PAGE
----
The autumn and winter months are a relief for people with Japanese knotweed on their property. It’s a time of respite in the battle with this exotic plant that seemingly just cannot be killed off. But will it finally just shrivel up and die in the bitter cold of winter?

Japanese knotweed certainly grows rapidly during the summer months, and if not tackled, it will soon take over entire gardens, homes and anything else in its way. Many property owners grow alarmed when they think they have got the better of this beast of a plant, only for it to shoot back up and expand like wildfire once more.

Brought into the UK in the 1800s as an ornamental plant, due to its attractive, heart-shaped leaves, people soon grew tired of its wild-growing ways and threw their once-beloved plants out. Left to grow out of control, Japanese knotweed has gone on to become one of the most invasive plant species in the world.

Peculiar Property Problems

Apart from growing unstoppably in gardens or anywhere else on a property, Japanese knotweed poses real risks to the property itself — and therefore your pocket. If it’s growing near to a wall or the side of a building, the roots can easily identify cracks and weak parts of the structure and invade them. As it grows, it can cause walls and other areas of a building to split, resulting in serious structural damage. The root system can also damage water pipes as it searches for moisture, and this can interfere with drainage pipes, occasionally even lifting them right up.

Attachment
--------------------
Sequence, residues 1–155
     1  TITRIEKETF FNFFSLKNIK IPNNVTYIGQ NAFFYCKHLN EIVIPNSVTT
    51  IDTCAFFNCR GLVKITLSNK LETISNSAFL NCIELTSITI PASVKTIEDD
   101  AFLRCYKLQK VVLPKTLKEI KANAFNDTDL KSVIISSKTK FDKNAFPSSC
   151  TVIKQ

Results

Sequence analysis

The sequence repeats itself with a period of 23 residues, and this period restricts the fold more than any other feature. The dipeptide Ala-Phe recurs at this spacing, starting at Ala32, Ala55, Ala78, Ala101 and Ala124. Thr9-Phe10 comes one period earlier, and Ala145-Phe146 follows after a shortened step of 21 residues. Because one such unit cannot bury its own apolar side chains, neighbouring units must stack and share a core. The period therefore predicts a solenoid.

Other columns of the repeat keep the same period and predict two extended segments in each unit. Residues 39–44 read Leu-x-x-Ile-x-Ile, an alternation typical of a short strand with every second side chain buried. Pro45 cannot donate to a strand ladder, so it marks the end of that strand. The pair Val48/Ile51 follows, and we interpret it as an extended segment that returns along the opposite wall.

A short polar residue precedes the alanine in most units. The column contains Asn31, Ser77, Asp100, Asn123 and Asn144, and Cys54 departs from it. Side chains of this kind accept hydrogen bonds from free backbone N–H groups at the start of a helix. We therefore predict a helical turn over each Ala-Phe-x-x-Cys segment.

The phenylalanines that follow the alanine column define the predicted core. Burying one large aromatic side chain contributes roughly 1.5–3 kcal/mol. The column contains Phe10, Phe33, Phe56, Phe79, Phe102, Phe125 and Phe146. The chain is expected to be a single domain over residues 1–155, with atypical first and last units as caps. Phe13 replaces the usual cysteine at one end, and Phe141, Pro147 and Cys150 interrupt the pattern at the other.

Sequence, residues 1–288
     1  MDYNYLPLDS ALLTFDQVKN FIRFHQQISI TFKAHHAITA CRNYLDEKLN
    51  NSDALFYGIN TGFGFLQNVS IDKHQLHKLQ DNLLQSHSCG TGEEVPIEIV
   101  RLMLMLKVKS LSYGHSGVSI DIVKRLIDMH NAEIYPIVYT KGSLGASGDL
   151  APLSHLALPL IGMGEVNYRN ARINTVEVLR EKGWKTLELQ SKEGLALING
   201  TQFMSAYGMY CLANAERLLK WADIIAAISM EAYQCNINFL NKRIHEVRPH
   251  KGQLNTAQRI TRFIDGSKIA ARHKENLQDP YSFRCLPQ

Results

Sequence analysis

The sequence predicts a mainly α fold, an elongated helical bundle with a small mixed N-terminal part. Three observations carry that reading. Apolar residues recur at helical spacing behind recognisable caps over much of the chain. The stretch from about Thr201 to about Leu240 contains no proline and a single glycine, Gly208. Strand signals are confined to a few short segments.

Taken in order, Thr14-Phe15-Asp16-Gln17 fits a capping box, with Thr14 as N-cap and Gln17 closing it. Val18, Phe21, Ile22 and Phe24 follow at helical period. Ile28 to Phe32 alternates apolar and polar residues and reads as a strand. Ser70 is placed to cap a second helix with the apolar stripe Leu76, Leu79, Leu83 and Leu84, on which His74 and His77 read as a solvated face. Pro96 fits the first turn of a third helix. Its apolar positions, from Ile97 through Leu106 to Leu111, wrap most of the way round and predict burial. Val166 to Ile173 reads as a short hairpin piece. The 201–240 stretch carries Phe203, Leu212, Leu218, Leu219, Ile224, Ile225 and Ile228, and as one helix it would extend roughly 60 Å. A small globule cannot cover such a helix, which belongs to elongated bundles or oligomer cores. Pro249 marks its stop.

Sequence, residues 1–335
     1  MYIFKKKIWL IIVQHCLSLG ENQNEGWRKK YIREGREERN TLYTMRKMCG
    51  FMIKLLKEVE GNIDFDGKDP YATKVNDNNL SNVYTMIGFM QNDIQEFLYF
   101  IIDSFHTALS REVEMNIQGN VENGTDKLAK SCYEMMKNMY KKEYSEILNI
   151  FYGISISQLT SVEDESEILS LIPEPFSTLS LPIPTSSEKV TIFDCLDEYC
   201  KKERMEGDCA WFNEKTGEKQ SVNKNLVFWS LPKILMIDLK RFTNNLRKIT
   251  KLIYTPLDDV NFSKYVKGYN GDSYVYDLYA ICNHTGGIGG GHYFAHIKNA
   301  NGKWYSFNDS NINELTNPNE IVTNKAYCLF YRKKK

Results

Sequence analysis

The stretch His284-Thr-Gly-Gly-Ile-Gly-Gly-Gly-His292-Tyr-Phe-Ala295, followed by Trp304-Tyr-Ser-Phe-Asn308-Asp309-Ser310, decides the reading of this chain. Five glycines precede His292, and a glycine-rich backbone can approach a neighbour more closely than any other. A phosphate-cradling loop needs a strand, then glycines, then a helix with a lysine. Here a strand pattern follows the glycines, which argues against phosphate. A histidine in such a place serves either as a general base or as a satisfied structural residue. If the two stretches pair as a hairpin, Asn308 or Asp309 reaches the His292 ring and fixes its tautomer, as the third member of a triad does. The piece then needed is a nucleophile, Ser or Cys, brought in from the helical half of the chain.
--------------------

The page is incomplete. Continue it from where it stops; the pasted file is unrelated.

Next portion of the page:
Then there’s the matter of buying or selling a house with Japanese knotweed growing on it. It’s a sure bet you won’t be able to do either unless you get rid of it — the professional way —  and get a solid, insurance-backed guarantee that the job was done right. Mortgage providers will usually insist on this, and if you don’t effectively deal with this difficult weed, it could result in a lowering of your property’s value.

There are also legal issues to be aware of with Japanese knotweed. It’s not illegal to let it grow on a property, but if it encroaches onto a neighbouring one, you could be slapped with a police notice. Hefty fines and a prison sentence may follow if the problem is not properly dealt with. And even if you dig up Japanese knotweed and try to dispose of it, it can’t just be thrown out into the wild, where it will start growing rapidly again.

What Is the Japanese Knotweed Removal Cost?

At this stage, you might be wondering that the Japanese knotweed removal cost is. The answer is, it depends. A series of herbicidal treatments done over a period of time by a professional Japanese knotweed eradication firm is generally fairly low-cost. But it does take quite a number of treatments, and up to a year or more for it to be effective and kill off the entire plant system.

For property owners who cannot wait — especially if they’re buying or selling a property — the only real solution is a professional dig-out of the plant. This extracts the problematic root network so there’s nothing left in the soil to start growing back. This procedure can be carried out in a number of days, and can be costly. But when you stand to otherwise lose a substantial amount of money through a lost sale or purchase, or property damage, it’s a wise investment.

So with all this in mind, can you just hope that winter will finally kill of the Japanese knotweed infestation on your property? Probably not. The deep and expansive root system is well insulated underground, and will be ready to send up new shoots and reactivate existing ones once the warmer days of spring come around. Kill it off before it gets a chance, and protect your precious property.